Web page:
Chula Vista Bayfront Development Opportunity Marketing Brochure


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The Port of San Diego has issued a Request for Qualifications to seek a developer for a signature convention destination resort hotel as part of the Chula Vista Bayfront (CVB). The CVB project is one of the last great waterfront development opportunities in California and is creating a legacy destination for the public. It will transform 535 acres on San Diego Bay into a world-class destination for local residents and visitors.

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Chula Vista Bayfront Development Opportunity Marketing Brochure

  1. 1. Development Opportunity
  3. 3. Chula Vista Bayfront development ‒ the last great waterfront development opportunity on the West Coast 535 acres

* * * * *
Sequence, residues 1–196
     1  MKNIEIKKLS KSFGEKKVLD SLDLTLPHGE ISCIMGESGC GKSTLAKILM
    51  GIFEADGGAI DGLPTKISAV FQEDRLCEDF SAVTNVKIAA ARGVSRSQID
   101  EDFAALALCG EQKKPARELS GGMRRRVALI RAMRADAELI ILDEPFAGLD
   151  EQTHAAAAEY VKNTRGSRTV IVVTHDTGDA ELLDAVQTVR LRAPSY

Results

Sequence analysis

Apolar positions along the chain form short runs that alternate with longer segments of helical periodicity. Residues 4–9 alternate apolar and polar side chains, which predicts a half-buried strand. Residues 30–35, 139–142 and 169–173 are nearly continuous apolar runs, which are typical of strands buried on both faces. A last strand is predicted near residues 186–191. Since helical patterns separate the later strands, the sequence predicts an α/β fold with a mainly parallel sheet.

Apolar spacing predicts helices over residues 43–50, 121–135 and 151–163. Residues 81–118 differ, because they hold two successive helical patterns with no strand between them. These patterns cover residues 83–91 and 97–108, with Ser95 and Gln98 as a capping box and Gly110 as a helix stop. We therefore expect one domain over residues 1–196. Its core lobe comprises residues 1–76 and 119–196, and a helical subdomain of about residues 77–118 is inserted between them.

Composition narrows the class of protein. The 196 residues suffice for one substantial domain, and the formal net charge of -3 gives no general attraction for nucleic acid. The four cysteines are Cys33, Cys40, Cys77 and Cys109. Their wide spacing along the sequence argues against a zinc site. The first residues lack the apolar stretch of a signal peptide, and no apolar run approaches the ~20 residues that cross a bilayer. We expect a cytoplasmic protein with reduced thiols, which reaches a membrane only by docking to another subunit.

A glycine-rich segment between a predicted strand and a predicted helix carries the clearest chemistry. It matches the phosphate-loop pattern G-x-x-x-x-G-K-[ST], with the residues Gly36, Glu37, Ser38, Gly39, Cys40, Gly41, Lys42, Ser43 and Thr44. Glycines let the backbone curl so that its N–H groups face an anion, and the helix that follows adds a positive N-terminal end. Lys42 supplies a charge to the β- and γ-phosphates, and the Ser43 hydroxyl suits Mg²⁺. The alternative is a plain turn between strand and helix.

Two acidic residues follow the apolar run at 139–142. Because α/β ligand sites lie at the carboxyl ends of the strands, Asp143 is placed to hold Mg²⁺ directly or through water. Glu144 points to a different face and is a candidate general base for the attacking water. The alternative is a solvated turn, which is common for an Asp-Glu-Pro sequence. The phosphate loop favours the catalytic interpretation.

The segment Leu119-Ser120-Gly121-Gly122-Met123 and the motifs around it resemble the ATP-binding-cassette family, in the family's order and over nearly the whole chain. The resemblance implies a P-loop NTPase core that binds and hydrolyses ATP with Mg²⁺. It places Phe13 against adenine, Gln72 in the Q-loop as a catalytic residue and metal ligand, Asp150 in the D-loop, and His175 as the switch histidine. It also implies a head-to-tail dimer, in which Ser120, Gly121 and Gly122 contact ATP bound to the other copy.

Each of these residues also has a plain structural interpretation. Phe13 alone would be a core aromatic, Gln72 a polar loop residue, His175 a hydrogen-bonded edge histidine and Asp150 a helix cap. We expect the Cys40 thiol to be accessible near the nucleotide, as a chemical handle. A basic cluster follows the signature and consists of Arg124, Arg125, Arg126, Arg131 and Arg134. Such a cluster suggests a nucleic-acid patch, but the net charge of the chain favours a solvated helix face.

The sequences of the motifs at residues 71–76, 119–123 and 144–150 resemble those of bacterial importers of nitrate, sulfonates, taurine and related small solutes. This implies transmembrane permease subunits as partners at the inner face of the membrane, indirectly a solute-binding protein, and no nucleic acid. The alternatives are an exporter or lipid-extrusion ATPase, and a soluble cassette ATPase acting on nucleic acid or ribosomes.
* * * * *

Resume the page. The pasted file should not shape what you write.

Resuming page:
4. 4. 5 Contents 7 4427 19 58 Executive Summary Bayfront Master PlanRegional Market & Economic Overview Site Ownership, Governance & Anticipated Contractual Structure Solicitation Information Introduction ...............................................................7 Purpose of Solicitation .............................................8 Chula Vista Bayfront Overview...............................11 Comparable Mixed Use Properties........................12 Comparable Resort Projects...................................13 Site Attributes..........................................................15 Project Background.................................................44 Site Overview...........................................................47 Phase One Infrastructure........................................48 Harbor District..........................................................50 Sweetwater District..................................................54 Otay District.............................................................56 Regional Overview...................................................27 Economic Overview ................................................28 Chula Vista / South Bay...........................................30 Ports of Entry............................................................32 Transportation..........................................................33 Tourism.....................................................................34 Ecotourism...............................................................36 Tourism Market Statistics........................................38 H-3 Parcel: Destination Resort Feasibility Analysis...................................................40 H-18 Parcel: Destination Retail / Commercial.......42 Site Ownership........................................................19 Port and City Partnership .......................................20 Design Review, Entitlement and Permits...............21 Other Key Stakeholders..........................................23 Access to Solicitation..............................................58